GCSW receives $4.9 million grant to help black women
The Graduate College of Social Work has received a $4.87 million grant from the U.S. Health Resources and Services Administration in an effort to help black mothers get better pre- and post-natal care.
On average, black mothers have a mortality rate three times that of white mothers. In certain parts of Houston, this rate is nearly five times the national average, according to the press release. The grant will go toward implementing measures to help reduce these numbers.
“The major disparities in the number of mothers and infants who die or suffer major complications across racial and ethnic groups fueled my passion to lead this initiative. There’s a major problem of inequity here,” said McClain Sampson, associate professor in the Graduate College of Social Work and leader of the program. “By effectively implementing this program, the staff and I can work directly toward racial justice for expectant and pregnant mothers in Houston.”
The initiative will be offered to women of all races but will target black women and their families by promoting preconception care, early prenatal care, longer intervals between pregnancies and other behaviors that can reduce health risk, according to the release.
In addition, a portion of the grant funds will go toward health education programs for mothers and their families. These programs are intended to help teach women about stress management, mental health, nutrition, sleep, sexual health and other topics about well-being maintenance.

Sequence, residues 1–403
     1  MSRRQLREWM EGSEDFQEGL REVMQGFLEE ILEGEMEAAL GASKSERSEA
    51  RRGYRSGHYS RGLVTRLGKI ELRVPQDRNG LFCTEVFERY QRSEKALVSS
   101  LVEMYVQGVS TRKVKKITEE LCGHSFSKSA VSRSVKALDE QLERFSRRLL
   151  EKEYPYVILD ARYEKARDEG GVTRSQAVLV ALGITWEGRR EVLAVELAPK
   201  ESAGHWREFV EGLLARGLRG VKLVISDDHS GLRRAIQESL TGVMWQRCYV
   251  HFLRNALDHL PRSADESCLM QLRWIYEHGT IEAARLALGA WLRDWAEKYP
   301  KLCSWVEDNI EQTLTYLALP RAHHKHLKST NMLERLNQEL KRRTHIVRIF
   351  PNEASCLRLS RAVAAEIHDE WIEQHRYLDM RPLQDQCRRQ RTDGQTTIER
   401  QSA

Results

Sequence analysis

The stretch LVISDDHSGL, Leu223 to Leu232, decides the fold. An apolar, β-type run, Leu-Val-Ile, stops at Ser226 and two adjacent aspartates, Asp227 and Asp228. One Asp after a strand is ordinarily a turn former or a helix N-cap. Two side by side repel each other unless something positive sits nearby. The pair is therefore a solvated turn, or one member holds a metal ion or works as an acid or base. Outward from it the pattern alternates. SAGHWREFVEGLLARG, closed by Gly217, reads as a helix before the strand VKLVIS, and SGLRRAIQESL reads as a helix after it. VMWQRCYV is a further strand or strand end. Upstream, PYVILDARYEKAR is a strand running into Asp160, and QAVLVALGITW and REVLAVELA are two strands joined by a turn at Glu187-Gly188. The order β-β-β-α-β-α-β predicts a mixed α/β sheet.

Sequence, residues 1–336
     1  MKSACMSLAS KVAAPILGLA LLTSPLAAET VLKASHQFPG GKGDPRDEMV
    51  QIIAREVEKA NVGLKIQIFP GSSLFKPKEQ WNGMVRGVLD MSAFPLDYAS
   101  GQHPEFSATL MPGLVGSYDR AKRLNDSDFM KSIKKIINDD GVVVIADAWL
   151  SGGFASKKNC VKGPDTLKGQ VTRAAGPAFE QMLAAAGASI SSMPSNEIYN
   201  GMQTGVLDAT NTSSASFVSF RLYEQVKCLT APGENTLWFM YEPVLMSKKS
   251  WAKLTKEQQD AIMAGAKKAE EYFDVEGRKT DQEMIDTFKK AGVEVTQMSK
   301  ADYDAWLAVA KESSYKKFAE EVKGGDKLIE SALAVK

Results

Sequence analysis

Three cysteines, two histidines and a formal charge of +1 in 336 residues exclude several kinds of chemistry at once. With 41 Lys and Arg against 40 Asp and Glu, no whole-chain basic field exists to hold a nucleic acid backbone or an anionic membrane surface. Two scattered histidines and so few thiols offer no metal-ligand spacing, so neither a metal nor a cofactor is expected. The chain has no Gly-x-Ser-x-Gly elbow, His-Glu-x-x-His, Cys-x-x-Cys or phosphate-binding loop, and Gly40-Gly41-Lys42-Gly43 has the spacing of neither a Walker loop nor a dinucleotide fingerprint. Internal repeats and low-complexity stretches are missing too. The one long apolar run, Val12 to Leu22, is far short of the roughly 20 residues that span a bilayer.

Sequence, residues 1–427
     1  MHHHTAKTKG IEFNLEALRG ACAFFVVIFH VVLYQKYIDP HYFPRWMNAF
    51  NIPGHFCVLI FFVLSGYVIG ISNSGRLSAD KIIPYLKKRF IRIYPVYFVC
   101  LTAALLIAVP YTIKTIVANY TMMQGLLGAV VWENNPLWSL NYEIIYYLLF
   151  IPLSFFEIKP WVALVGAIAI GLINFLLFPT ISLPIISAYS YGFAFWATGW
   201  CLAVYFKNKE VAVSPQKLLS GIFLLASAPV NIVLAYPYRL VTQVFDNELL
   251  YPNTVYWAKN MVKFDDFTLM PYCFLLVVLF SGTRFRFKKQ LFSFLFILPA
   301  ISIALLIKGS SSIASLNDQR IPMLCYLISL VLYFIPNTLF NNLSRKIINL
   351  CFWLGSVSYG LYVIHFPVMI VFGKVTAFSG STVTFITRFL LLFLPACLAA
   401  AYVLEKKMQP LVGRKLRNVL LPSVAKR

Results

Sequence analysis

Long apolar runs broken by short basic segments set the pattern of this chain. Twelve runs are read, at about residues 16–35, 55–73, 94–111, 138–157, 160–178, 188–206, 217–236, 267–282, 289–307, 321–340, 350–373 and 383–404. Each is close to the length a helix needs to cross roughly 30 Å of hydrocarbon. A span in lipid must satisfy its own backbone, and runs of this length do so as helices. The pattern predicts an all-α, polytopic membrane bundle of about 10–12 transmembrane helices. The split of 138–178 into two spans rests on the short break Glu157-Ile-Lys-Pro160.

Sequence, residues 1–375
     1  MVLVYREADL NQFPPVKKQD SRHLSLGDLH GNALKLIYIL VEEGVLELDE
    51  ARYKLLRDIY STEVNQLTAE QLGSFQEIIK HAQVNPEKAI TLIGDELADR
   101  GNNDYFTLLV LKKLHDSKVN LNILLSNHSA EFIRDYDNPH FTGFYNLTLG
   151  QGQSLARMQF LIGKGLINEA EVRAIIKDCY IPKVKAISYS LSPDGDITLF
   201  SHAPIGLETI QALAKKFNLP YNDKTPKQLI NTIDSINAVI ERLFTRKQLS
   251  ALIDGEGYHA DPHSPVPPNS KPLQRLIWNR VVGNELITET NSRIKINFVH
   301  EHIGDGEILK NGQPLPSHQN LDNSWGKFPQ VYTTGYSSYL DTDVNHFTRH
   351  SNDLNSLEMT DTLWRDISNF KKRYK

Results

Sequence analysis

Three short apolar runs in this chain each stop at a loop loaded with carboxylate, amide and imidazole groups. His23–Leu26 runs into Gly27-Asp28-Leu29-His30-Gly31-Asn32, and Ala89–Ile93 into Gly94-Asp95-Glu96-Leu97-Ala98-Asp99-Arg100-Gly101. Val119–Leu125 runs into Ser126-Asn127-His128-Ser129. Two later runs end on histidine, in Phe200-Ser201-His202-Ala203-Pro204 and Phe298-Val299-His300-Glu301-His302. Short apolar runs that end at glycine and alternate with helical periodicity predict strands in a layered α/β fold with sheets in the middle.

Along with programs aimed to educate mothers, Sampson also wants to teach doctors about implicit bias and how it may play a role in how they treat patients of color, according to the release.
Implicit bias is the idea that stereotypes play a role in how people treat others, even if they do not realize it.
The Healthy Start Initiative was started by the Health Resources and Services Administration of the U.S. Department of Health and Human Services. The GCSW is one of the 100 different projects nationwide that receive funding for their healthcare initiatives.
“We have a history in this country of disconnected healthcare, and that can lead to very scary outcomes, especially for mothers and children,” said Sampson. “Our case managers will connect them to integrated health centers where they can see the pediatrician, OB-GYN, primary care and behavioral health in the same location. It’s a much more efficient way to take care of families.”